A third party is used to establish a trusted relationship between possibly unknown users. The third party, which in many cases will be the service provider 16, provides a certified unit of code (TSO 11A) for the originating user 10, as well as for the bridging user 12 (TSB 11B). The provided third party code monitors and accounts for particular service usage based on at least one predetermined usage metric. Non-limiting examples of suitable usage metrics include bytes, packets and transaction counts. The third party code monitors the service usage, such as IP forwarding, according to the agreed upon usage metrics.
The bridging user 12 may request that the current metric instance to be sent by the third party code for payment at any time during the transactions, preferably though at the end of the transactions. For this purpose the invention also provides a method to agree upon the charging with third party that is used for billing the originating user 10.
It is assumed that the originating user 10 and the bridging user 12 have a subscription with the service provider 16. As a consequence of this subscription both mobile devices have installed the unit of code 11, provided by the service provider 16, that performs the charging and monitoring functions. These units of code are those depicted as TSO and TSB. Also as a consequence of the subscription both users 10 and 12 have a charging relationship with the service provider 16 in the sense that they provide appropriate billing information, such as credit card information, to the service provider 16. Also as a consequence of the subscription the service provider 16 maintains an appropriate set of credential information for either user 10 or 12 in order to perform a negotiation during the establishment of the charged session, as described below. This set of credentials typically includes necessary key information as well as mobile device identifiers.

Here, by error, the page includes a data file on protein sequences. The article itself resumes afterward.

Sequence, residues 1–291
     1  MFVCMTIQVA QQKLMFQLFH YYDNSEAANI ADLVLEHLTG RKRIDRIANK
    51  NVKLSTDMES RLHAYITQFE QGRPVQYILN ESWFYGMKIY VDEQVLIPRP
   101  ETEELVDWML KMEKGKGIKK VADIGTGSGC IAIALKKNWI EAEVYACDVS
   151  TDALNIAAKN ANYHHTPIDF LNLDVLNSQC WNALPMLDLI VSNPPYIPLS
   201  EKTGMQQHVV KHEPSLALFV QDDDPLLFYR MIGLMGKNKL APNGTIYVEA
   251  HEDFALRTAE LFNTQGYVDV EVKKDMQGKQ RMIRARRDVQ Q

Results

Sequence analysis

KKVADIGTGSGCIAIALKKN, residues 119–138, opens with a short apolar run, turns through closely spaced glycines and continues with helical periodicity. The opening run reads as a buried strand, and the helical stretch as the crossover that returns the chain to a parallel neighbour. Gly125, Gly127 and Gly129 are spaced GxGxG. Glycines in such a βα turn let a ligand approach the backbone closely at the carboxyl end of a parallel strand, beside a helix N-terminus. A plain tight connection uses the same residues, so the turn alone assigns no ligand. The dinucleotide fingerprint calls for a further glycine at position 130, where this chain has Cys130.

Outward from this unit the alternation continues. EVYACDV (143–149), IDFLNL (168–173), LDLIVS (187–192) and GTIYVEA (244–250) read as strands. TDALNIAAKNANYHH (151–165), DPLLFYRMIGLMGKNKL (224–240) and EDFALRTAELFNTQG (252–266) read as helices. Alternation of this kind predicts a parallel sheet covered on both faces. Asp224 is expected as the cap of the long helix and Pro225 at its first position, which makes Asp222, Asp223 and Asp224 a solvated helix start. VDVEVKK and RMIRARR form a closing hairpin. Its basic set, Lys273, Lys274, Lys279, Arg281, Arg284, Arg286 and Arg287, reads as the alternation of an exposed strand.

In order to implement a charged session in accordance with the teachings of this invention, appropriate information is established in order to initiate and conduct the session.
TSO of the originating user 10 sends a message (message1) to TSB of the bridging user 12. The addressing of this and other messages between the mobile devices can be realized by any suitable means. A presently preferred, but non-limiting addressing technique is one known as “application layer addressing”. This technique can be implemented through, for example, addressing particular IP ports, or by using Uniform Resource Identifier (URI) addressing. As a result, the trusted units of code TSO and TSB exchange messages on the application layer.